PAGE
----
Would You Trust An 8-Year Old? Or, the Longevity of Modern Gear

JoeThePop

Known member
Coming from my perspective of the "budget" realm of audio components, I think the idea of an all-in-one solution works well. Take the AVR I had; Denon AVR-590. I paid less than $300 for it, and at the time it decoded all the latest surround codecs and supported the current HDMI version. It just didn't have the number of inputs, as many bells and whistles, or the amplifier power of the pricey models. So it was not too painful to retire it. But like MikeyFresh mentioned, ask anybody who bought a pricey AVR at the time how they feel about retiring a $3,000 piece of equipment because they want the latest Dolby Atmos and HDMI support. Works the same for me with looking at all-in-one solutions for a small bedroom system (e.g. streaming/DAC/Amp or active speakers). Keep the cost reasonable, and the pain of wanting to upgrade will be somewhat less severe.
 

ICTWoody

No longer a junior member
@jhoyt I've been seriously considering modern NAD offerings for my future living room rig to power the Phils... For an avid Bluesound user like me it just seems to make sense. We should hang and talk about it.

- Woody
 

prime minister

Site Owner
Staff member
Try to hunt up a B Stock online somewhere. Often used as displays, but with full warranty. And a nice discount off the price.
 
All modern electronic equipment is more susceptible to failure due to the Switch Mode Power Supplies (SMPS) and also the very high impedance that they usually have in their control circuitry. They don't have those big heavy expensive transformers and over designed capacitors that the vintage stuff had.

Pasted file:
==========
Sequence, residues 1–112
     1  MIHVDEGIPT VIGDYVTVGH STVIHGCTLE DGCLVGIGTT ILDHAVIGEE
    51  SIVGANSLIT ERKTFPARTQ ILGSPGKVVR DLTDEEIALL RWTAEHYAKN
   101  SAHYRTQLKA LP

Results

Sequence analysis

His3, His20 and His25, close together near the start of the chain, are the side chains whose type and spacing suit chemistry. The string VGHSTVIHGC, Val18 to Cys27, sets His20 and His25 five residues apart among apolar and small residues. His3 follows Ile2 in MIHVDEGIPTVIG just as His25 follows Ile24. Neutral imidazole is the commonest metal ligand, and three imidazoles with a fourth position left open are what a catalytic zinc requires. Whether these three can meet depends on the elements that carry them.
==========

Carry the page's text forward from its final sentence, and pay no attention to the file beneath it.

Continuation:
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I have found that removing any and ALL SMPS's can result in multiple SQ improvements in our audio playback systems.
In my AOIP setup alone, I have yanked out all 5 of them and replaced them with LPS's and yes the results were most welcome.
I have even found that turning off ones that aren't being used but are plugged into the AC mains can 'help' the SQ as well.

Are these individual differences all that significant?
No, but collectively they are quite noticeable, such that I turn off the router, modem, screen, ancillary USB chargers etc, when late at night I want to get carried away with 'kick-ass' tunes.
And granted I'm listening to headphones not speakers and so the resultant added clarity, focus and inner detail make all this fussing well worth while.

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For digital music streaming, I believe the future no doubt involves some version of AoIP, but it is still an emerging technology with no clear winner in the AES67 sweepstakes just yet. It is wise then to keep the digital board both as separate and inexpensive (within reason) as possible, so that future changes and upgrades can be more cost effective and easily made.

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AOIP is much more complicated than simply shoving in a USB or SPDIF cable and as such is not 'plug-N-pray'.
But thus far I have not heard ANY other digital audio feed that is it's equal (let alone is 'better') in terms of SQ.

Yeah it can be expensive, and complicated and the setup requires learning a whole 'nuther set of terms and concepts etc, not to mention getting it all dialed in…
And the '$ of admission' for a 'simplified' AOIP has come down considerably such that for under $1K, and with a SR limited to 96KB, the results can simply be astounding, but there is still the 'learning curve' of setup and operation (which for those who are not 'technically challenged') isn't really all THAT complicated…

But for me in my setup, it is so superior to any and ALL other digital audio feed setups, that there is no turning back nor regrets at tackling this means of getting the digital audio stream out of the computer and fed into the dac and bypassing USB or SPDIF etc.

Yes AOIP has massive overkill functionality well beyond my use of just single stereo pair of channels, but the SQ alone makes it a must do at least for me.

JJ
 
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